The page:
Overview of the Book of Haggai


Overview of the Book of Haggai

Author: The prophet Haggai.


To encourage the reconstruction of the Temple in hopes of bringing great blessings to Israel after the exile.

Date: 520 B.C. (Haggai's ministry)

Key Truths:

  • God offered many blessings to the first returnees after the exile.
  • The priorities of God's Kingdom must take precedence over our personal comforts.
  • Servants in the Kingdom of God must be undefiled.
  • The hopes of God's people rest in the Temple and in the house of David as they are fulfilled by Christ.
  • God's people are destined to inherit the earth in Christ.


The prophet Haggai (his name means "my feast") worked with the prophet Zechariah to encourage the returning Jewish exiles as they rebuilt the Temple (Ezra 5:1; 6:14). We know nothing about Haggai other than what the book of Ezra mentions and what we learn from the prophet's own book. The book closes with high expectations for Zerubbabel, leaving little doubt that the book was written before the governor's restoration program failed.

Time and Place of Writing:

As we might expect from our discussion of authorship, the books of Haggai and Zechariah (see "Introduction to Zechariah") have a common historical background, both prophets having begun their ministries in 520 B.C., in "the second year of Darius" (Hag. 1:1; Zech 1:1). The Jews had returned to the promised land under the edict of Cyrus (Ezra 1:1-4) in 538 B.C. and had begun to rebuild the Temple. Opposition from the outside and discouragement from within caused them to abandon the project (Ezra 4:1-4) for 16 or 17 years. When Haggai and Zechariah began their work in 520 B.C., further opposition came from Tattenai, the Persian governor of Trans-Euphrates (see note on Ezra 4:9-10). But Darius I (Hystaspes), who ruled Persia from 522 to 486 B.C., reissued Cyrus's edict so that the Temple was rebuilt within four years (Ezra 6:13-15). The second Temple was dedicated on March 12, 516 B.C.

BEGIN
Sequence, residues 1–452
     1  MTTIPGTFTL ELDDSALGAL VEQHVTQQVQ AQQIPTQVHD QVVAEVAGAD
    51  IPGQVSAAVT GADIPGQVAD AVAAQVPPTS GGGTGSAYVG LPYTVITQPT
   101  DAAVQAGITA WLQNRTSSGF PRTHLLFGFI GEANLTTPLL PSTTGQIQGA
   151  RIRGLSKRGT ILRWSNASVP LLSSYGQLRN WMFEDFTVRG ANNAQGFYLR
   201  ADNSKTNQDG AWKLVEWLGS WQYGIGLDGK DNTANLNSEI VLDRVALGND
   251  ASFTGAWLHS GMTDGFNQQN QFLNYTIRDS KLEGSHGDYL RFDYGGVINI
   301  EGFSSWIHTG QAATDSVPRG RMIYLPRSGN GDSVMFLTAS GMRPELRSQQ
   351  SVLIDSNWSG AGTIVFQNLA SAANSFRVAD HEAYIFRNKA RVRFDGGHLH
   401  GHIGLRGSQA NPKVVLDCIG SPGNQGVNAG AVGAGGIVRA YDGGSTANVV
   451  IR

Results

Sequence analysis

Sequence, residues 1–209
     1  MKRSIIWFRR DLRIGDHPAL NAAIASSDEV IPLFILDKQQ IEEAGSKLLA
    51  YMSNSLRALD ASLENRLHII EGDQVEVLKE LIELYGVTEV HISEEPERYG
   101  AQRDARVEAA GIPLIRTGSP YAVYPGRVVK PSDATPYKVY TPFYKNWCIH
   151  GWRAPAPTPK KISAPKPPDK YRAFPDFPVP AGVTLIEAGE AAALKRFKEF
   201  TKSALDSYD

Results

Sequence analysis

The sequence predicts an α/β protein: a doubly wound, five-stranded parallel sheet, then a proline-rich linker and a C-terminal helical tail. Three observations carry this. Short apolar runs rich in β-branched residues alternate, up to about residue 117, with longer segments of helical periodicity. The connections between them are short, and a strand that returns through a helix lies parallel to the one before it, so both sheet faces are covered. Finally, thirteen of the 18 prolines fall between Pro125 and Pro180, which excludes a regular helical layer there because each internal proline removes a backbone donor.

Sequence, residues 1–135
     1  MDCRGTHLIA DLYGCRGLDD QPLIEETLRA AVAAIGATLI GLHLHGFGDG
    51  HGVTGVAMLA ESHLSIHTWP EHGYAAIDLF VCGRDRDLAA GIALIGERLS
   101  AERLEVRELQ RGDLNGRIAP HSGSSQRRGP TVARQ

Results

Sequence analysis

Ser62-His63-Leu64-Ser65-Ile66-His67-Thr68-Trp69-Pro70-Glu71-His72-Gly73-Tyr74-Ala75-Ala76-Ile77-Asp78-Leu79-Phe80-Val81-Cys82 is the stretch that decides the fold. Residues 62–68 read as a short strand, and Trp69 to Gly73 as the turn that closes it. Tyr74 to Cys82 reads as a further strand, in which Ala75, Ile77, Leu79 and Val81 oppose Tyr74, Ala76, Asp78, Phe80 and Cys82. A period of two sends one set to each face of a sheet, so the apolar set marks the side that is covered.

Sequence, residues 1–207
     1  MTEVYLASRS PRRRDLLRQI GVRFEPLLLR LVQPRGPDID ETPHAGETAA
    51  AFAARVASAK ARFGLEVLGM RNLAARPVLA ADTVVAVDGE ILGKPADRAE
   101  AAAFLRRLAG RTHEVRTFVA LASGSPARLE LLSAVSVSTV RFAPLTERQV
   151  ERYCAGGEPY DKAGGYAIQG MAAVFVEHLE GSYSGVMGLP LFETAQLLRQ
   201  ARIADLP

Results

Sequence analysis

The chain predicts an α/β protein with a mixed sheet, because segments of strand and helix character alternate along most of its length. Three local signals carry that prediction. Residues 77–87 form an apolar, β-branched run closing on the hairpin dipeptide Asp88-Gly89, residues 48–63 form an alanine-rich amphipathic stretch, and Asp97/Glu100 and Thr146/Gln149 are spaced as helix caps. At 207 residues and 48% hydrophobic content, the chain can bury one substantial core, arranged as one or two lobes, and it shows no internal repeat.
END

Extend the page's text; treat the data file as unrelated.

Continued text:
As for Haggai's oracles, we learn from his book that they were delivered between August and December 520 B.C.

Purpose and Distinctives:

The book of Haggai consists of four messages, each of which is headed by the phrase "the word of the LORD came through the prophet Haggai [or "to Haggai"]" (Hag. 1:1; 2:1; 2:10; 2:20). These four messages alternate between calls to repentance in light of God's continued withholding of blessings on the land (Hag. 1:1-11; 2:10-19) and promises of greater blessings on the Temple and through the Davidic line (Hag. 2:1-9; 2:20-23).

Haggai, Zechariah, and Malachi together use the title "LORD Almighty" more than 90 times (14 times in Haggai). In Hebrew, it literally means "Lord of armies." The title's meaning has two aspects: It stresses the sovereign power of the Lord who reigns over Israel and the whole earth though his military power (1 Sam. 17:45) and emphasizes his faithfulness to his covenant people, which causes them to worship him (cf. Psa. 24).